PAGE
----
If not enough of the shaft can be saved for the man to urinate standing upright without dribbling, a total penectomy will be done. This operation removes the entire penis, including the roots that extend into the pelvis. The surgeon creates a new opening for urine to drain from the perineum, which is the area between the scrotum (sac for the testicles) and the anus. This is known as a perineal urethrostomy. Urination can still be controlled because the sphincter (the "on-off" valve) in the urethra is left behind, but the man will have to sit down to urinate.

For advanced tumors, sometimes the penis is removed along with the scrotum (and testicles). This operation is called emasculation. Since this operation removes the main natural source of the male hormone testosterone, men who have this procedure must take a man-made version of this hormone for the rest of their life.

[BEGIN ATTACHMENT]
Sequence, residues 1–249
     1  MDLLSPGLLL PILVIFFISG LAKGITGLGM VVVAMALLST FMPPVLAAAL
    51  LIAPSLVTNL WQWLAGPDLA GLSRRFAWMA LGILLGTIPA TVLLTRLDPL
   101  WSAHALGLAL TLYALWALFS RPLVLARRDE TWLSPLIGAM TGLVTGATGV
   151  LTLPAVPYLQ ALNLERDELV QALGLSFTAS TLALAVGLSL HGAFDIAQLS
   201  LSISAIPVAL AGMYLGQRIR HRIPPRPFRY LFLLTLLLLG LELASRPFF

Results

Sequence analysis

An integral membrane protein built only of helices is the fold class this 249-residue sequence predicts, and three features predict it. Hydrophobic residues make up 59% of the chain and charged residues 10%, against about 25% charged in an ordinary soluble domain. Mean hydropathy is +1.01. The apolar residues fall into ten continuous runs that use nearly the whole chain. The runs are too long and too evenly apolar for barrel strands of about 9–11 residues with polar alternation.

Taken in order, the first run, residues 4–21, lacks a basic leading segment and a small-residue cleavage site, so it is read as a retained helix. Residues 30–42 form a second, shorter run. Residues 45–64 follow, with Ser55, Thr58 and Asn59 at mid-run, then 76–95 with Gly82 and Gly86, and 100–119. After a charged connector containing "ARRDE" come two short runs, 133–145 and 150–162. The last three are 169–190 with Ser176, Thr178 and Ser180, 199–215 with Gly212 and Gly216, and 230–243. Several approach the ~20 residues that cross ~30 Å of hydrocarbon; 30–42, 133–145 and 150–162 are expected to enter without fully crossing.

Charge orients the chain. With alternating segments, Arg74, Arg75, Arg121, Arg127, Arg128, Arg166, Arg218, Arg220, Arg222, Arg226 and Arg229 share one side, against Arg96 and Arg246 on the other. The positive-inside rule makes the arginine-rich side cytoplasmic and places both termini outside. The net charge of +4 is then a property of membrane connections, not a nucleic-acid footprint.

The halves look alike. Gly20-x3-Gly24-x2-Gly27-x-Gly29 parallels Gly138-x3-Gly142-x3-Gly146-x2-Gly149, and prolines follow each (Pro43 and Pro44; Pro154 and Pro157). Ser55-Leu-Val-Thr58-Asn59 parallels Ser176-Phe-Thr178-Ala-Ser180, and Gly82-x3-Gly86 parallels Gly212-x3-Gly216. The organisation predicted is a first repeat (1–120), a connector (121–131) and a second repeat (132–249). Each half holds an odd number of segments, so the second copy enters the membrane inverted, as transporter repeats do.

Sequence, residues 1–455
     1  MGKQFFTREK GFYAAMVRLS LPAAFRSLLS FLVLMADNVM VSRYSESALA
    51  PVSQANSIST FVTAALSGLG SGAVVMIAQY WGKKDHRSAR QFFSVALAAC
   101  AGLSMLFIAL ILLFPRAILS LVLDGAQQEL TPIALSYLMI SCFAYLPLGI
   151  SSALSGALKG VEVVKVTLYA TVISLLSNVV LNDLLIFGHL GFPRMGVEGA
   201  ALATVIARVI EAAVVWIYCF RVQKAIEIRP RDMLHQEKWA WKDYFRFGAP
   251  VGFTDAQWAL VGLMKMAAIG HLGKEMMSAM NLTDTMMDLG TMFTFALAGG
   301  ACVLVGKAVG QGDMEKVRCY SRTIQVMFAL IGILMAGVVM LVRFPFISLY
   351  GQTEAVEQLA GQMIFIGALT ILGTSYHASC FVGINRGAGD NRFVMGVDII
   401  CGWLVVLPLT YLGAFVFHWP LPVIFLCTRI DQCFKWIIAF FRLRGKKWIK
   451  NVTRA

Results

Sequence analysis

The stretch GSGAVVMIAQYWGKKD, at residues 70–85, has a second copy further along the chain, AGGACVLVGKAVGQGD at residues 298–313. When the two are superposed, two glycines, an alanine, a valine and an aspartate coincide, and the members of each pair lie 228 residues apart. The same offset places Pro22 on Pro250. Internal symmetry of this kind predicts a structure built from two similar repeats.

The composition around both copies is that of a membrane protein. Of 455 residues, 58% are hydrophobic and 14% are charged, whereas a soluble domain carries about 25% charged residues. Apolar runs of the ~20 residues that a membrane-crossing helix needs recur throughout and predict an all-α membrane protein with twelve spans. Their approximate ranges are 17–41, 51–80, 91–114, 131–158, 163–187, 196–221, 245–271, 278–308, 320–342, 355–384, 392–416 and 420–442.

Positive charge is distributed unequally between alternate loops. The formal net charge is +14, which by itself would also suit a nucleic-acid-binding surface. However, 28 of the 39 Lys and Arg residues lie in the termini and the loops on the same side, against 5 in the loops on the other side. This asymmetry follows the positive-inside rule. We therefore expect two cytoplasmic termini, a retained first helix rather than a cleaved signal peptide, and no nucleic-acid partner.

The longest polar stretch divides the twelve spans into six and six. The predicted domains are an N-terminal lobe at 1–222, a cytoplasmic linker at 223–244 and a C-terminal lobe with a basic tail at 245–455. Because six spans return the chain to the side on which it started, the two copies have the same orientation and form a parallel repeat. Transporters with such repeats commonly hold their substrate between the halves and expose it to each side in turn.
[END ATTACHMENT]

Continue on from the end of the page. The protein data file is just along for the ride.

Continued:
Any of these operations can affect a man's self image, as well as his ability to have sexual intercourse. 

Surgery to remove lymph nodes

Patients with cancers that have invaded deep within the penis (stage T2 or higher) usually need to have some nearby lymph nodes removed to check for cancer spread.

Sentinel lymph node biopsy: This operation can sometimes help the surgeon see if the groin lymph nodes contain cancer without having to remove all of them. It is most often done when lymph nodes are not enlarged but there is a chance that the cancer may have reached them.

The surgeon finds the first lymph node that drains the tumor (called the sentinel node) and removes it. If the cancer has spread outside of the penis, this lymph node is the one most likely to contain cancer cells. If the sentinel node contains cancer, a more extensive operation, known as a lymph node dissection or inguinal lymphadenectomy, is done (see below). If the sentinel node does not have cancer cells, the surgeon doesn't have to remove any more lymph nodes.